Hobo Greg · · Unknown Hometown · Joined Mar 2016 · Points: 25
JRZane wrote: Just because I'm asking a question regarding management of damage does not mean I'm in doubt of the entire ropes integrity. Tossing the entire rope is just foolish. But thanks for your considerations. I'll certainly consider chopping it down and using it for shorter climbs. I've got a family friend whom I just learned is coming into town next weekend and who's been climbing quite a long time. While I appreciate the advice in the thread (some more than other (joke!)), it'll be nice to have someone finger it a bit and give me some recommendations.
Whats more foolish, tossing a rope thats between $150-300, or splattering onto the rocks? Anyway, like you said, you dont even have to ditch the rope, just chop it. Dont think of climbing gear as anything permanent. Its all disposable, can all be replaced. What cant be replaced is your body and your mind should your gear fail, when it could have been prevented. If theres truly no cause for concern, thats one thing, but then again, why would you have to post here if there wasnt anything to be concerned about?

JRZane · · Unknown Hometown · Joined Dec 2015 · Points: 0

Again Greg, my question was focused on caring for a rope that has a little sheath damage. If your contribution is saying to chop it or throw it out, then I've already thanked you for that perspective. Perhaps others, who have been climbing more than a couple seasons, have had some experience and would be willing to share.

Going back and forth about "if you have to ask, you might as well just quit" mentality is neither enjoyable nor informative. If you've got something else to add relates to caring for a rope with some sheath damage, I'm all ears.

Sorry if I sound condescending, don't mean it that way. HAPPY climbing!


Muscrat · · Unknown Hometown · Joined Oct 2011 · Points: 3,040

That's not core. Core is twisted strands which run parallel to the rope.
A very good lesson i was taught early on, and take to heart, is is it worth the nagging doubt in the back of your mind when you are making that sketch move, "Is this rope/gear/sling/draw/whatever going to hold me"?
Retire the old soft goods, inspect the dropped gear, chop the damaged rope.
I dropped a 200# chockstone from a chimney onto a brand new, unused, unclimbed on 70m rope. I swore like a sailor, and had a brand new 57m rope.
Your call; I'd chop it.


JK- Branin · · SLC · Joined Nov 2012 · Points: 13
Lou Cerutti wrote:If the core is showing I would cut it out. That's just me.
+1

Seeing the core is bad. Owning a shorter rope than you did yesterday isn't great, but isn't the worst thing ever.

I also agree with other posters here, get a thicker rope for tope roping, it will last longer. 10-10.2 are great work horse sizes. I use something in that range for %90+ of my climbing and never have a problem. Skinny ropes come out For something near at my limit (on lead, if you're working out the moves on toprope before leading it use a fatty for durability), or something I have to schlep the thing a long way before climbing with it.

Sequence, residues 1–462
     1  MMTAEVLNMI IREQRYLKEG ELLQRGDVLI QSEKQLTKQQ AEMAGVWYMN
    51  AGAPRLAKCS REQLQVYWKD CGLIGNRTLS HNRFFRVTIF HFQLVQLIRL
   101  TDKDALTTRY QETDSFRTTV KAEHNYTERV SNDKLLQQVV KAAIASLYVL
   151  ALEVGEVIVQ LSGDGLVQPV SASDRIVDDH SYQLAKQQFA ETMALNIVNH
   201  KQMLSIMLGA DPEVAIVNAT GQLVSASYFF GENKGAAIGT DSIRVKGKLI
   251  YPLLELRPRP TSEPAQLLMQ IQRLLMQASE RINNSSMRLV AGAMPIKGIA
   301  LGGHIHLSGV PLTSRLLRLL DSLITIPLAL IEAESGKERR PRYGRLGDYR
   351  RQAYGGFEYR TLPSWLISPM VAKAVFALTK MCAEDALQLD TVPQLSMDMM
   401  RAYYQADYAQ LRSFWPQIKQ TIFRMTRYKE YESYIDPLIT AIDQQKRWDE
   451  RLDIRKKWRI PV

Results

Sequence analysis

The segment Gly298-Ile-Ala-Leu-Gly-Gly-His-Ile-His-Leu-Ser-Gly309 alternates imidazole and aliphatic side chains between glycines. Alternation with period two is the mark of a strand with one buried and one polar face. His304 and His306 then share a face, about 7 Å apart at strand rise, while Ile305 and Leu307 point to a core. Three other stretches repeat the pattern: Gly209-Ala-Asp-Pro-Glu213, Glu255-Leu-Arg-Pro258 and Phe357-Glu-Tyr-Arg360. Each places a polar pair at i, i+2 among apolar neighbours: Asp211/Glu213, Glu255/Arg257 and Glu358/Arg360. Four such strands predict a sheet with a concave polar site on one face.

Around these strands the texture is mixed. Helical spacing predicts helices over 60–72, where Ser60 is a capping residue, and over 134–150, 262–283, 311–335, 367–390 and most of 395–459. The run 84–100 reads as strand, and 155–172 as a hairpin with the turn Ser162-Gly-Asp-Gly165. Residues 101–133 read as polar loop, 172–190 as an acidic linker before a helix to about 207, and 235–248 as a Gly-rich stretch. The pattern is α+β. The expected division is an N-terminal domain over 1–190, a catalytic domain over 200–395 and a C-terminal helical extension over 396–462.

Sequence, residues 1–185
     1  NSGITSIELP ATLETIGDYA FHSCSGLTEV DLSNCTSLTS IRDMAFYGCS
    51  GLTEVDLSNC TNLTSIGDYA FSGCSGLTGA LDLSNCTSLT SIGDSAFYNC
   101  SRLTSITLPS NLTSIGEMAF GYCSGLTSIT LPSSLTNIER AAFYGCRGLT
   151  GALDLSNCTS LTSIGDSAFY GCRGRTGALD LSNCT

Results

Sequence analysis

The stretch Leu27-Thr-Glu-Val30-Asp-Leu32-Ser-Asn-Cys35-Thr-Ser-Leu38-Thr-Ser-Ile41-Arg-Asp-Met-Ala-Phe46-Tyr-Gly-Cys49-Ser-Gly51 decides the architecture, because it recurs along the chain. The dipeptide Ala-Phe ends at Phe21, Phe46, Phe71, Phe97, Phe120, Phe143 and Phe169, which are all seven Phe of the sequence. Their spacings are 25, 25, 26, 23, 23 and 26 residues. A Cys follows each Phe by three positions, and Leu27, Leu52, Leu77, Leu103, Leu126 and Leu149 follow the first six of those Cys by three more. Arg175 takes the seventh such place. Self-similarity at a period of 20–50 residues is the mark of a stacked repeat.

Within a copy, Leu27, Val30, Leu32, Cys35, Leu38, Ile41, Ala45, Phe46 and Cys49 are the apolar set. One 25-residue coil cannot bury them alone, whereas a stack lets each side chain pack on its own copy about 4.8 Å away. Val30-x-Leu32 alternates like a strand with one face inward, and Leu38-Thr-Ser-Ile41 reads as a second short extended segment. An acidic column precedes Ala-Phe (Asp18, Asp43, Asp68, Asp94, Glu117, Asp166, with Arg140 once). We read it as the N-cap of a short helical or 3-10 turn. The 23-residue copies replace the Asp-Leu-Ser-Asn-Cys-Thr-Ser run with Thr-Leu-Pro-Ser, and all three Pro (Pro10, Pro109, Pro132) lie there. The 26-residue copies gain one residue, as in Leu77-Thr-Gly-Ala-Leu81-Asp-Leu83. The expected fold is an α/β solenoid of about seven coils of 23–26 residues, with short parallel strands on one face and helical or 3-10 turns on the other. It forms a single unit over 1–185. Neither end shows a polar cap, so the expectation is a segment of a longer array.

My $.02

Billcoe · · Unknown Hometown · Joined Mar 2006 · Points: 570

Looks good to me.


Mark E Dixon · · Sprezzatura, Someday · Joined Nov 2007 · Points: 234
Hobo Greg wrote:I'm a new climber (less than 2 years) , have only climbed outside
FrankPS wrote: For a relatively new climber, you give a lot of advice.
Hobo's "wisdom" rivals NESteve's.

Is there some toxic fume exuded by new Camalots that makes some novice trad climbers judgmental, intolerant and self-important?

And for the OP, I think it's pretty hard to offer advice about your rope without seeing it in person.
That being said, if it does have a core shot, I'd chop that end.

EthanC · · Unknown Hometown · Joined Jun 2013 · Points: 219

Just another perspective, in case you don't have enough.

I had a brand new 9.6, and stupidly tried out my new tibloc on it. I partially weighted it before the teeth engaged, dragging the sharp teeth over all the strands of a two inch spot. After careful inspection, I decided the core had not been compromised, and the sheath was plenty intact, so I wasn't gonna cut it.

However, EVERYONE that ties into my rope makes a comment about it and questions it, and when I'm shaking out at a bolt, the fuzzy part is right in my face. I know my rope is fine, but even still, it gives me the occasional pause. So if you don't cut it, be prepared to live with that internal and external doubt.


Charlie S · · Ogden, UT · Joined Aug 2007 · Points: 1,283

That's about the same damage my year-old rope had (which I just retired). I climbed on it a couple more times and decided that was close enough.

While it appears that the core is not compromised, the loss of the cross-weave in the sheath may more easily expose the core to dirt and other elements.

It's your call, but with climbing gear, better safe than sorry.

A shorter rope makes a great gym rope!


Medic741 · · Red Hook, New York · Joined Apr 2012 · Points: 85

^^^ the fuzzy part is staring me in the face. Yes. There's no way to fix it, it's a heart breaker to cut a rope but for our modern safety conscious seat belt wearing cam placing ethos, cutting is the normative choice ;)


Guideline #1: Don't be a jerk.